Given the optimal adversary’s structure (as described in Figure 1 ) w.l.o.g. we can assume it to be looping for steps at and then monotonically increasing for steps at which point the game ends. In the following we will analyze the regret inflicted by the optimal adversary (which we showed was optimal for the class of algorithm ) against a broader class of MWA. The regret of the adversary is:
Asymptotic regret of the optimal adversary.
We first notice that for a fixed adversary with a given , the regret of MWA with decreasing in (1) is greater than or equal to the regret of MWA with a constant , i.e.,
This is true as each individual term in (2) is equal to or smaller than the corresponding term in (1). In the following we are going to use for the adversary and for convenience, we write . The two terms in (1) together place strong bounds on what should be: they imply that . We show this in steps: first we show that , and then show that .
The first term in (2) forces to be . The regret of MWA for is at least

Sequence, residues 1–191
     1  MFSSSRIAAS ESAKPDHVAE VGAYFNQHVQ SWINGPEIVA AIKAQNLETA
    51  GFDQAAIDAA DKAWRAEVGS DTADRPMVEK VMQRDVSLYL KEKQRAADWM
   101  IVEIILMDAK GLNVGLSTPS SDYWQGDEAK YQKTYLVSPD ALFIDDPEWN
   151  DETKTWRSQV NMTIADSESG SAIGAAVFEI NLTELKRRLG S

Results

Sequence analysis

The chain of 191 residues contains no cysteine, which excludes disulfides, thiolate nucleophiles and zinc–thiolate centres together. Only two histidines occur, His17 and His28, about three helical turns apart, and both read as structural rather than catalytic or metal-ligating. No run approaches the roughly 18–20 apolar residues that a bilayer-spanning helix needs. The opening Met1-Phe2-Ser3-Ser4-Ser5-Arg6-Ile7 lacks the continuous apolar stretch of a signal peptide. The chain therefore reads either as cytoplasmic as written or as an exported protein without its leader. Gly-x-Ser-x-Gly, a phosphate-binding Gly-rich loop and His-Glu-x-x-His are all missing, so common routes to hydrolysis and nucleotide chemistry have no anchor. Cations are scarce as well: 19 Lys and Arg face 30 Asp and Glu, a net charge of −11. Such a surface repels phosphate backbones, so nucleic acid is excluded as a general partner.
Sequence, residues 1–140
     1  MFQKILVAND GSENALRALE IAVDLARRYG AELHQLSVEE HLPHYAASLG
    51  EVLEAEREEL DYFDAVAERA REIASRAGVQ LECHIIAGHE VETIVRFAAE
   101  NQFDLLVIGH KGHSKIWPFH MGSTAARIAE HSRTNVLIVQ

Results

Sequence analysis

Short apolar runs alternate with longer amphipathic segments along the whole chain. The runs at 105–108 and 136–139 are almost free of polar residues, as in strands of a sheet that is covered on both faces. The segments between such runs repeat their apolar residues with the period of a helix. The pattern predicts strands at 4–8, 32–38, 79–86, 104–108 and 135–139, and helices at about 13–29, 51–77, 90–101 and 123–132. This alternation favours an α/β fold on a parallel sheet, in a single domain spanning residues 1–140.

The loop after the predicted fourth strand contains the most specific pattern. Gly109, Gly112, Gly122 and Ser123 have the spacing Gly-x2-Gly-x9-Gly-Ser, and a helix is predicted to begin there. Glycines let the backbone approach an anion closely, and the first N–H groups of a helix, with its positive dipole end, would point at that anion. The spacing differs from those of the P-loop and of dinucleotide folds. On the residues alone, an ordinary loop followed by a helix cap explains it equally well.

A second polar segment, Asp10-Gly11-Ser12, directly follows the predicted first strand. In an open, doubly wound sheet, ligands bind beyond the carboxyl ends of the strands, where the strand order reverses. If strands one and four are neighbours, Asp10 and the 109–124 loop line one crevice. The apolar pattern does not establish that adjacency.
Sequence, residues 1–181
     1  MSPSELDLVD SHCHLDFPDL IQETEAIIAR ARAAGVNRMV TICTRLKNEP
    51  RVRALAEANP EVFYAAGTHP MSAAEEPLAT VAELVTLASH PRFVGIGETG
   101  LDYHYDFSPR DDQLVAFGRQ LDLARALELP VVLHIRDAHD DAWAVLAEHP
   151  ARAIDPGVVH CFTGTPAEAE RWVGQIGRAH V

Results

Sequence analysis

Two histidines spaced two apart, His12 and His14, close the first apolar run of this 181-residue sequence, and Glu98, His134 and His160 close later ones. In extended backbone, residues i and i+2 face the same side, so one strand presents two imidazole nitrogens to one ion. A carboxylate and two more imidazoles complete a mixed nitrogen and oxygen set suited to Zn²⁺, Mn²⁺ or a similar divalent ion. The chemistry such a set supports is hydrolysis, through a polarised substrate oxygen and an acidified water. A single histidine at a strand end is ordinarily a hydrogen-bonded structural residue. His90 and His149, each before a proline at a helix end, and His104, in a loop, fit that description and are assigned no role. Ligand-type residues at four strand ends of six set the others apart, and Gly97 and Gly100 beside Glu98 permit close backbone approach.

Since MWA’s regret upper bound in the finite horizon model is , must be .
To show that we argue that the regret from the second term of (2) is when . For all , we have . Thus MWA’s regret for is at least
Since MWA’s regret upper bound in the finite horizon model is , we get .
Now, we obtain the following asymptotic estimate for the second part of (2), where .
The first part of (2) can be estimated as follows
As , (3) simplifies to , while the estimate for (4) is . Now the estimate for the regret in (2) is minimized for the choice of parameter . Then the regret of the optimal MWA is at least . It is known that there is MWA for experts with regret at most (asymptotic in ). Thus, we obtain the following claim 1 (in the claim below, by “optimal MWA” we mean the MWA with the optimally tuned ).
For : .
We generalize the adversary for and obtain a tight lower bound for matching the known upper bound for arbitrary even number of experts and almost matching bound for odd number of experts. Since , the lower bound in Theorem 1 below applies to as well.
For : i) For even : . ii) For odd : .
Proof: Let be the update rate of the optimal MWA, we define and . We employ the following adversary for the even number of experts:
Divide all experts into two equal parties, numbered and . For the first rounds (), advance all the experts in party in even numbered rounds, and all experts in party in odd numbered rounds.
For the remaining steps, pick an arbitrary expert and keep advancing just that expert.
Similar to (1) this adversary obtains the regret of at least . We further notice that similar to (2) the regret of MWA with decreasing in the above expression is greater than or equal to the regret of MWA with a constant , i.e., the previous expression is at least
Now, combining these two estimates the regret from (5) is at least